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Chances are you know someone who has been personally impacted by domestic violence whether or not they've shared their nightmare with you. It's sad but true: it could be an acquaintance, co-worker, close friend, family member, or it might even be you.
- 3 women are murdered every day by a current or past male partner, reports the National Network to End Domestic Violence
- 38+ million women to date have experienced domestic physical intimate partner, says the Center for Disease Control and Prevention (CDC)
- 1 in 4 women will be victims of severe violence by an intimate partner during their lifetimes, according to the National Domestic Violence Hotline
With such shocking realities, talking about domestic violence isn't something we can avoid in conversation any longer. In fact, it's not just an issue that only women need to address and discuss. What's more is that many don't realize that men can also be victims of domestic violence.
If we are to see positive change men can and should take a leadership role among their friends and male family members, taking a stand that domestic is never okay. Furthermore, men can act as role models for boys and young men by example showing how to practice healthy relationship behavior.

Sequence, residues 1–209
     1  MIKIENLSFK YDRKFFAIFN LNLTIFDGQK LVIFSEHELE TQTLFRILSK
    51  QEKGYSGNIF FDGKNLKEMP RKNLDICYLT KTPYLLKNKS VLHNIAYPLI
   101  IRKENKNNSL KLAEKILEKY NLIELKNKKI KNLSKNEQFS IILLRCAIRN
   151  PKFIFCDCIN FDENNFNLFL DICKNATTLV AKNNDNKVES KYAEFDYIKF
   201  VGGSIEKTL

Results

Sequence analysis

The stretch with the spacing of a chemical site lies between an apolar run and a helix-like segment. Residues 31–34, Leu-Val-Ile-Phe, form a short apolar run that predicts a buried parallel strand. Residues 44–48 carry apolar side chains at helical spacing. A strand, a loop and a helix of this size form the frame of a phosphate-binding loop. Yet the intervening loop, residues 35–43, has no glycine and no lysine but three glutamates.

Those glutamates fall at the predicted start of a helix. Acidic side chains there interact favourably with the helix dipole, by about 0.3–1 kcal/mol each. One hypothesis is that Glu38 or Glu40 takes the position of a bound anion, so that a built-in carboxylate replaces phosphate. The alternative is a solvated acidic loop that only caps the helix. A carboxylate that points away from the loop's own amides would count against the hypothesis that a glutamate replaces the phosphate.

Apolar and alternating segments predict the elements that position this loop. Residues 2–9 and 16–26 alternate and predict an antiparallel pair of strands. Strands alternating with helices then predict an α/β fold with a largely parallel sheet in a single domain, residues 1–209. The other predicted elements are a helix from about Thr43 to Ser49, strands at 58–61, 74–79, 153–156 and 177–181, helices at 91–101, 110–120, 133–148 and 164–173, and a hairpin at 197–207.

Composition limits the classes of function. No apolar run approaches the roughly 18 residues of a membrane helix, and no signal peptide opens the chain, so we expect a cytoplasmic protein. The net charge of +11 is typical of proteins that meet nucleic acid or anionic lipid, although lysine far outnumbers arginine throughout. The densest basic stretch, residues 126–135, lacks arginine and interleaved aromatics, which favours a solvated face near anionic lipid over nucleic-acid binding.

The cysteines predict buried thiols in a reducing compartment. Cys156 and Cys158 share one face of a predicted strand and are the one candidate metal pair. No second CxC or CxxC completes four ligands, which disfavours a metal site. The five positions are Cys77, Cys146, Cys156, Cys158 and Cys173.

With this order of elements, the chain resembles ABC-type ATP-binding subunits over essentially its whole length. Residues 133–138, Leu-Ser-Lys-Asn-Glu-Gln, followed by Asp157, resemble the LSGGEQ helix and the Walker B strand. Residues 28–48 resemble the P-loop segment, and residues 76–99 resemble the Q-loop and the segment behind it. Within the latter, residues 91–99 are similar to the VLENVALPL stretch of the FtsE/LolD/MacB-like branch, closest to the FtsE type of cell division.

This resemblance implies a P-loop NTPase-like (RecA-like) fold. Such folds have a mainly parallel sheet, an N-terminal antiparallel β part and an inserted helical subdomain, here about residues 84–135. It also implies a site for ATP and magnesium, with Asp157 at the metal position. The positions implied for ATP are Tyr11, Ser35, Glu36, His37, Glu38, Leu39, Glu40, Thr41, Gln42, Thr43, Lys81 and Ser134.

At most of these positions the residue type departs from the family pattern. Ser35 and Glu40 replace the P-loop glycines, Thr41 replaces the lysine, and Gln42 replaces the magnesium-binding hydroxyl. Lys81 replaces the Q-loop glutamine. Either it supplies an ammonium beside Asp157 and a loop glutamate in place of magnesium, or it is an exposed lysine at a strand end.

Join me and participate in the #BeTheSolution campaign by uploading your own photo to the Blue Shield of California Foundation's Facebook page.
Clearly, it's the right thing to do for both men and women to stand together on domestic violence and take part in the #BeTheSolution campaign that Blue Shield of California Foundation is currently running. You are also encouraged to stay up to date on foundation news surrounding this important issue by following Blue Shield of California Foundation on Facebook and Twitter.
If hot air balloons can fly, so too we can work together to each do our part to help put an end to domestic violence. Time to get this balloon up in the air!
Join the Conversation by Leaving a Comment
Why do you think it is important for men to be active in the domestic violence discussion and in prevention efforts? What ideas do you have for making this tough topic easier to talk about with the goal to promote positive change?
FTC Disclosure: I am receiving compensation in exchange for my time and effort for this post. However, opinions here are my own. See complete FTC Disclosure information that appears at the bottom of MommyBlogExpert's main page and at the bottom of every individual post on this blog, including this one.